While that might seem like an outlandish statement at first glance, the research firm went on to explain that it believes Microsoft will move to a modular, incremental update model for future versions of Windows.
Microsoft has increased its use of Windows Update as a software delivery mechanism in recent years, using it for the distribution of Windows XP Service Pack 2 and Internet Explorer 7, and the company admits that it is considering its options.
There is a definite learning that we had from SP2 that the market understands that and in general it was a great experience, Cynthia Crossley, UK director of Microsoft’s Windows client business group, told Computer Business Review recently when asked about the increasing use of Windows Update for software delivery.
Crossley maintained that the company continues to see more value in traditionally packaged software rather than subscription-based models, however, although she indicated that Microsoft will continue to use Windows Update where appropriate.
There is a middle ground between the two, she added, indicating that software updates could increasingly complement packaged software, rather than replace it. I think SP2 was really interesting. In some ways it worked much better than we expected. It depends on what the application is, and the size of it.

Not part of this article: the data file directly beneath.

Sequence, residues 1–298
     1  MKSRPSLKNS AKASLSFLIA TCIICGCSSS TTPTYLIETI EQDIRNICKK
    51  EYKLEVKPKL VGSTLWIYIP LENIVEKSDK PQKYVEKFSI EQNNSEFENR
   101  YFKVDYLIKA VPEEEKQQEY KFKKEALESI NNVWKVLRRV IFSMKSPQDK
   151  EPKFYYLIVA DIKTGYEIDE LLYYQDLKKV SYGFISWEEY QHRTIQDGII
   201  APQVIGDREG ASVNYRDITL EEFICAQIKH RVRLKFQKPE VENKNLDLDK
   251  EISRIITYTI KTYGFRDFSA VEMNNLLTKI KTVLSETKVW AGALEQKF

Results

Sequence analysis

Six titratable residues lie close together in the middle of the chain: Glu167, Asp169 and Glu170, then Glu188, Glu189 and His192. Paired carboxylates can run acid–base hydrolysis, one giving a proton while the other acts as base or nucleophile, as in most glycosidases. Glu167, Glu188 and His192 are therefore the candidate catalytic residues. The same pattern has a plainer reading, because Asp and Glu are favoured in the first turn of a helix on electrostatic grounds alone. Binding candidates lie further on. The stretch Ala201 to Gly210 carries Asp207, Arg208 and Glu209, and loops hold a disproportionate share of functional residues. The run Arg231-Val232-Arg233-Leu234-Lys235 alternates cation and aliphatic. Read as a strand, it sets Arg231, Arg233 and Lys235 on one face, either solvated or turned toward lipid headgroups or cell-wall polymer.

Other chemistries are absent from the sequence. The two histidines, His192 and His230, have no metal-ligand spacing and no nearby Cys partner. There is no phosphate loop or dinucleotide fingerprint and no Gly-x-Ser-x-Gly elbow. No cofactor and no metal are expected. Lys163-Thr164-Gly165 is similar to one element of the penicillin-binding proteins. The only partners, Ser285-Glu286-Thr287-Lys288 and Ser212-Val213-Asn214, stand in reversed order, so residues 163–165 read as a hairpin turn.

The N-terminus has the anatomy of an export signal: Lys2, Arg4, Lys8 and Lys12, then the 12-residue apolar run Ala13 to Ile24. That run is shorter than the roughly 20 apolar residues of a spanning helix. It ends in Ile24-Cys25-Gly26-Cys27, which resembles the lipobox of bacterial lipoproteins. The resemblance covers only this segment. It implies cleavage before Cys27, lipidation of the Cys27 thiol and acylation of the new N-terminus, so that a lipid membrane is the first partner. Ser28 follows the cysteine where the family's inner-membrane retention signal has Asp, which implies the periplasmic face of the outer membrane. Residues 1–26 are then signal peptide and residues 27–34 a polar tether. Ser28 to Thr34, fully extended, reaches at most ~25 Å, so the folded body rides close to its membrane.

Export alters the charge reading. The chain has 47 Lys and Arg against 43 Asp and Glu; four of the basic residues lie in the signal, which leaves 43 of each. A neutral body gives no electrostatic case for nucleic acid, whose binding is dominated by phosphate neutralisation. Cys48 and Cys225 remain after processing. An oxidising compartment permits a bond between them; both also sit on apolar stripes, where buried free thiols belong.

Given the level of attention on Microsoft’s shipment dates, and its tendency to miss them, you could forgive the company for deciding to move away from the monolithic delivery model. Compare the potential significance of a Windows delay on Microsoft’s financial performance in a particular quarter to Red Hat Inc’s attitude to a delay for its core operating system.
Nick Carr, director of marketing for Enterprise Linux at Red Hat, recently noted that the company is in no hurry to rush the delayed RHEL 5 out the door since the launch of the product is not a revenue event for the company. By that, he meant that customers who have active subscriptions for RHEL 3 or RHEL 4 get the new version for free when it becomes available. Red Hat customers are not paying to use a particular version of Enterprise Linux, but to subscribe to support and updates to whichever one is available.
That appears to be what Gartner is suggesting Microsoft may consider in the future. Vista will be the last major release of Microsoft Windows. The next generation of operating environments will be more modular and will be updated incrementally, it noted as it delivered its key predictions for 2007. The era of monolithic deployments of software releases is nearing an end. Microsoft will be a visible player in this movement, and the result will be more-flexible updates to Windows and a new focus on quality overall.
Moving to a modular architecture is one thing, but moving to a subscription software model is quite another. Despite Gartner’s convictions, it remains to be seen whether Microsoft is prepared, or even willing, to make that leap.